Wednesday, August 25, 2010


Yesterday I was riding a bus home from the grocery store; not a rare occurrance, as it happens about twice a week. same route, roughly same time of day. I live in a sort of iffy neighborhood; some parts are pretty okay, and others are covered in graffiti and most of the stores are empty and boarded up. Still, there are no street shootings or drug dealing on the corners.

Two African-American guys were getting off the bus, and as they approached the door, an older white man declared, very loudly, that they had better leave, that they were thugs who raped his mother, and were probably off to rape another white woman. He said he was "a proud honky", and was right behind them.

Naturally, the two youths turned back around, very angry. They started yelling back and forth, both sides threatening violence, calling each other names, the youths saying the man "looked gay", which was ignorant and intolerant too. I stood there with my groceries, fuming, near tears, bursting with the need to turn around and say something to these men.

I wanted to shout to the white man that I was ashamed of him and he ought to be ashamed of himself, that while no doubt something terrible had happened to his mother, that was no excuse to blame an entire race of people for the acts of a few. That we lived in an era where men should be judged by the content of their character regardless of whatever color their skin was, an idea first spoken by Martin Luther King Jr., a black man killed by a "proud honky" like him. To the youths I wanted to say not to judge an entire race by the acts of a few ignorant, angry people, and not to carry anger and hatred away from this encounter. I wanted to tell them that they were young and it was for them to say how their generation would react to such bigotry, with forgiveness and a striving for change, of with more hatred and violence.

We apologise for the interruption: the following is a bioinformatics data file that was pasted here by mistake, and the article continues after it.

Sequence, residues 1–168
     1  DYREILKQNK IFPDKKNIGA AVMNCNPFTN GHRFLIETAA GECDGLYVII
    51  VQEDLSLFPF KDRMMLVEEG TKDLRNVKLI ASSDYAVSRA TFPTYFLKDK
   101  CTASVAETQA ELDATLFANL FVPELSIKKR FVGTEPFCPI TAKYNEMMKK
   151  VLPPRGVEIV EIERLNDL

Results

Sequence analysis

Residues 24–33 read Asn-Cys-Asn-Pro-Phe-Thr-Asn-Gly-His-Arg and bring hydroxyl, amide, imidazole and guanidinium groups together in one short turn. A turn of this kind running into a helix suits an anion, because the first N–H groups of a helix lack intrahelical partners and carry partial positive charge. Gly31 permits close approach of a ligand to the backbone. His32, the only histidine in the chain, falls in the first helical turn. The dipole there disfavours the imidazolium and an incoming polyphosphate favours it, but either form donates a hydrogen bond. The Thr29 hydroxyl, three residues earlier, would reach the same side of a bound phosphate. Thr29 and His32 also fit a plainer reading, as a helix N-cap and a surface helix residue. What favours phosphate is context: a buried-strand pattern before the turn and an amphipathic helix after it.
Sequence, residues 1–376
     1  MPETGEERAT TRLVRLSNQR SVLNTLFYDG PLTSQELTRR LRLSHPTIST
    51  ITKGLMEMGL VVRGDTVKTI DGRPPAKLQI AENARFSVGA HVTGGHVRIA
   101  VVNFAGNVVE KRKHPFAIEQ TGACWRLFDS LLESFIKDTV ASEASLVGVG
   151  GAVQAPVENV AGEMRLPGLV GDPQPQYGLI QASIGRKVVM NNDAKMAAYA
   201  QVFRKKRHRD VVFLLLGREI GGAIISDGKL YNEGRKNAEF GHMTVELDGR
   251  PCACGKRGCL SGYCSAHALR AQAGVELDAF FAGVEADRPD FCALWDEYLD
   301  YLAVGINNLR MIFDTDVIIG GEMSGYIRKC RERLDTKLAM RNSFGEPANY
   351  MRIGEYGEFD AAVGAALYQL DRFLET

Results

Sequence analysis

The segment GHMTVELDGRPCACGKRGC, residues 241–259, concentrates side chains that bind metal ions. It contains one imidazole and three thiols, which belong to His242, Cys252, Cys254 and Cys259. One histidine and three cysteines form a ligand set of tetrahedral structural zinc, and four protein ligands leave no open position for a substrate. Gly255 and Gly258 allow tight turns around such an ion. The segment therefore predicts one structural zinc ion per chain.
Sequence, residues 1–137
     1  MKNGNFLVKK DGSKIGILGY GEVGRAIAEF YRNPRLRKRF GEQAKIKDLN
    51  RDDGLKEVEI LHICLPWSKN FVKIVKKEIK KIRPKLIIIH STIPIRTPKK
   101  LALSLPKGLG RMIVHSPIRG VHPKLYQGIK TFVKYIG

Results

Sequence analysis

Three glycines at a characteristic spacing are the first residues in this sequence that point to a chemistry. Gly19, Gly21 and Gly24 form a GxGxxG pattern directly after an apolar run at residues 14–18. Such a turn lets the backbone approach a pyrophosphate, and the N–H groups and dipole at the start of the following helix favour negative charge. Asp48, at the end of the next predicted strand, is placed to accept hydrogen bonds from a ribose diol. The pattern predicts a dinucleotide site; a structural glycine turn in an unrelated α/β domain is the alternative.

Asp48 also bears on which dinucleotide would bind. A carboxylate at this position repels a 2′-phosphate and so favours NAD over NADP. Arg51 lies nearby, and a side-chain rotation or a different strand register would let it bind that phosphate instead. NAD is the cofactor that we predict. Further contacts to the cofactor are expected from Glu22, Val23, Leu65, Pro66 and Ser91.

Instead, I said none of these things. The bus stopped, I got out, and I walked home. Tears burned the back of my throat for all the things I hadn't said.

Edmund Burke said, "All that is necessary for evil to triumph is for good men to do nothing." I have always been a fighter, but I did nothing on that bus. And I find it hard to forgive myself for that.


Jessica said...

Ginger, you will get another chance and when you do, remember this time and find your voice. It's never easy to speak the truth. writing about it here is still making a difference.

Steven said...

Don't be to hard on yourself Ginger. I think in this instance you made a wise choice. These three angry men wouldn't have heard your message anyway. At that moment they were to deep into their own anger and hatred to listen. There's also the chance that they may have turned that anger towards you. I agree with Jessica, by writing about it here, you are making a difference :-)